Asyut Travel Guide
About The City Of Asyut
Asyut is the capital of the modern Asyut Governorate in Egypt, which has one of the largest Coptic Catholic bishopric churches in the country; the ancient city of the same name, which is situated nearby. The modern city is located at 27°11′00″N 31°10′00″E / 27.18333°N 31.16667°E, while the ancient city is located at 27°10′00″N 31°08′00″E / 27.16667°N 31.13333°E.
Asyut was for long considered the most alien place for a foreigner to visit in Egypt, being an Islamist stronghold. Not that anything ever happened, but police and the military was high on alert when a Westerner came passing by.
Asyut, 375 km south of Cairo, was settled during Pharaonic times on a broad fertile plain bordering the west bank of the Nile and has preserved an echo of antiquity in its name. As Swaty, it was the ancient capital of the 13th nome of Upper Egypt.
Surrounded by rich agricultural land and sitting at the end of one of Africa’s great caravan routes, from sub-Saharan Africa and Sudan to Asyut via Al-Kharga Oasis, it has always been important commercially, if not politically.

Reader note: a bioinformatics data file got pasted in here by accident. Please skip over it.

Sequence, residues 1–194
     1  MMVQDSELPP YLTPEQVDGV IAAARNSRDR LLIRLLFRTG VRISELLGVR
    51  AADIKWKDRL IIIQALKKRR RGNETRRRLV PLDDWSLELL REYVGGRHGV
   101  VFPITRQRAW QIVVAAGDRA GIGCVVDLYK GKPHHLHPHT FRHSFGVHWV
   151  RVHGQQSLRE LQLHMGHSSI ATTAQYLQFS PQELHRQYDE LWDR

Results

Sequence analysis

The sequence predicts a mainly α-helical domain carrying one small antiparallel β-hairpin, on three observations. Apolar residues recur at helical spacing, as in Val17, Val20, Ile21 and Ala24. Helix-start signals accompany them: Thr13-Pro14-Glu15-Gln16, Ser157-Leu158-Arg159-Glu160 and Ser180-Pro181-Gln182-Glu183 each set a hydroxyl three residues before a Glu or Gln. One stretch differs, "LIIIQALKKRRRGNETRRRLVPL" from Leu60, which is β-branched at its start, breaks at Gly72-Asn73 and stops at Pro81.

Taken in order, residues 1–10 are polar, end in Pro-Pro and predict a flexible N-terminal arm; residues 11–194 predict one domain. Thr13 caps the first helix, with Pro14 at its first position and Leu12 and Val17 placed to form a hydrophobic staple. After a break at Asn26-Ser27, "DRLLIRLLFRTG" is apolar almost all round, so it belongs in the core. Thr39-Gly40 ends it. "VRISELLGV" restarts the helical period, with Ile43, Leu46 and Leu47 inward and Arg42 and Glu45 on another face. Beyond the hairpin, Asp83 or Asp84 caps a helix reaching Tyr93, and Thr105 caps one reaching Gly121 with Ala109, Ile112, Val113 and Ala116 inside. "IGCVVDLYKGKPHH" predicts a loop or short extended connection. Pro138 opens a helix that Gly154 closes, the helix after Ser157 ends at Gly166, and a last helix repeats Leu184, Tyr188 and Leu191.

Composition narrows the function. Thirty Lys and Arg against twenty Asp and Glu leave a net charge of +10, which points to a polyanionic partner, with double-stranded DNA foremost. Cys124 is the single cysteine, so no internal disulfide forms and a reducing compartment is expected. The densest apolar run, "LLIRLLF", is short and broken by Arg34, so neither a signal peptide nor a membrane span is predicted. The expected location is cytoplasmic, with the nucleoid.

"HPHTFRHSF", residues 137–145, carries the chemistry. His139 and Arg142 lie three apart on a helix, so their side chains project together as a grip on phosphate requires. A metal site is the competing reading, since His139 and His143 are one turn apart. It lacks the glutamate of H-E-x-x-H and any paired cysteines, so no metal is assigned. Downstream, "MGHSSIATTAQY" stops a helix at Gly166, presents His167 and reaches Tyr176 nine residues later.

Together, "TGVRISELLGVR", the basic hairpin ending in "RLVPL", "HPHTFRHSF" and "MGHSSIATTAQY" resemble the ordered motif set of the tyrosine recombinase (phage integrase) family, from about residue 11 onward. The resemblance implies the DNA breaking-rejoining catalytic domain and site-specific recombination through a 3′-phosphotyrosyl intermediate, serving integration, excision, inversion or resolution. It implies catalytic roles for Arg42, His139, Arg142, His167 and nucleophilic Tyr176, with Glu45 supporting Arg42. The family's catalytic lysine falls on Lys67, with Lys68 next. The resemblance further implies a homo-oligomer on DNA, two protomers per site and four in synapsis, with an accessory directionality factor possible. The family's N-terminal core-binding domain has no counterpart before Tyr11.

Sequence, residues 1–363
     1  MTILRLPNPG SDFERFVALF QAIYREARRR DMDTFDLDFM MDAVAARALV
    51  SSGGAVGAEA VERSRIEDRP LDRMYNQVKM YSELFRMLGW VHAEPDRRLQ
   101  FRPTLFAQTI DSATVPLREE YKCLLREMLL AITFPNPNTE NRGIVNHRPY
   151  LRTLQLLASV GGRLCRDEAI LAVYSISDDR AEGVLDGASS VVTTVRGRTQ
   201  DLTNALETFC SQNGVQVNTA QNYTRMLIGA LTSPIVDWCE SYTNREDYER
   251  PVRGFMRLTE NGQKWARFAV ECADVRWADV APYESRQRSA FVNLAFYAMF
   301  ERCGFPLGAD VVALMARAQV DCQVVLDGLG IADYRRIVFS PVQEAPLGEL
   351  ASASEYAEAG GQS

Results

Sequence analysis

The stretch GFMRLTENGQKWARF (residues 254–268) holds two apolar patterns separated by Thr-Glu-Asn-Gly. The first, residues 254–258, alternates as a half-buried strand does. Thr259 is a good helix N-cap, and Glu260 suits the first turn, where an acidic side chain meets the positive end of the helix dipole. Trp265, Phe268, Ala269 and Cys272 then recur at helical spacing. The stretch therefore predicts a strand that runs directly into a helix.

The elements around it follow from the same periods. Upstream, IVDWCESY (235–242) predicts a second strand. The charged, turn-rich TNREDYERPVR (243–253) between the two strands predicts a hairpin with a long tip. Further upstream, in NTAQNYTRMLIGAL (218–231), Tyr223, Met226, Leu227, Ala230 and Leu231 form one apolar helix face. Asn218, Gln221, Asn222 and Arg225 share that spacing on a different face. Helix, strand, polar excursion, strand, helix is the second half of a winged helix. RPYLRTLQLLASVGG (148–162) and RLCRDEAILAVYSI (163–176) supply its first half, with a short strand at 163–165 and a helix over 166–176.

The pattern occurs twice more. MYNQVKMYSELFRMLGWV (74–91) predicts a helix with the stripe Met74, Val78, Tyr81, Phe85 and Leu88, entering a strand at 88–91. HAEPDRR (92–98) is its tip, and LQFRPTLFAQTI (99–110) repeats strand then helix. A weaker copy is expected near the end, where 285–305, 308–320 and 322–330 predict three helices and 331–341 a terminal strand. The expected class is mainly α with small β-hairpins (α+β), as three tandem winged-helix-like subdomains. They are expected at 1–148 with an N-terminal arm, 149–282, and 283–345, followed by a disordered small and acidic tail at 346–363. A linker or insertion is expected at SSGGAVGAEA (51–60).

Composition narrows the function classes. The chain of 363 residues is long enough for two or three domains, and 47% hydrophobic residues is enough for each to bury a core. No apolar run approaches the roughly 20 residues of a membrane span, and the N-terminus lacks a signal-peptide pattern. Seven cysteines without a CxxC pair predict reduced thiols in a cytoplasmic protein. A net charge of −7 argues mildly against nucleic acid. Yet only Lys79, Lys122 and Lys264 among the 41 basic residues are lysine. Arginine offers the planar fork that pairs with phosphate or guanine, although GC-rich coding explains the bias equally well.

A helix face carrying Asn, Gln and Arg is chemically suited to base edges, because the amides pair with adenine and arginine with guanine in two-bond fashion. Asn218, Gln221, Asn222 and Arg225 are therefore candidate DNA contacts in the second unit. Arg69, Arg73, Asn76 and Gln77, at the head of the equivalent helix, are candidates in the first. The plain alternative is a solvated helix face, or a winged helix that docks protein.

For centuries one of the main commodities traded here was slaves: caravans stopped here for quarantine before being traded, a period in which slaves used to prepare some of their male slaves for the harem. Much of modern Asyut is an agglomeration of high-rises that carry no trace or reminder of the ancient Egyptian entrepôt. In the late 1980s, this was one of the earliest centuries of Islamist fomentation.
In the summer and autumn of 2000, it was also the scene of an apparition in which the Virgin Mary appeared to Copts and Muslims, in the words of one witness, ‘with ﬂ ashes of heavenly lights and spiritual doves’. The choice of hotels and transport links make it the best overnight stopover between Minya and Luxor, as does its reputation for fruit and juices. And at least some of its citizens heed the governor’s call that ‘cleanliness is civilized behavior.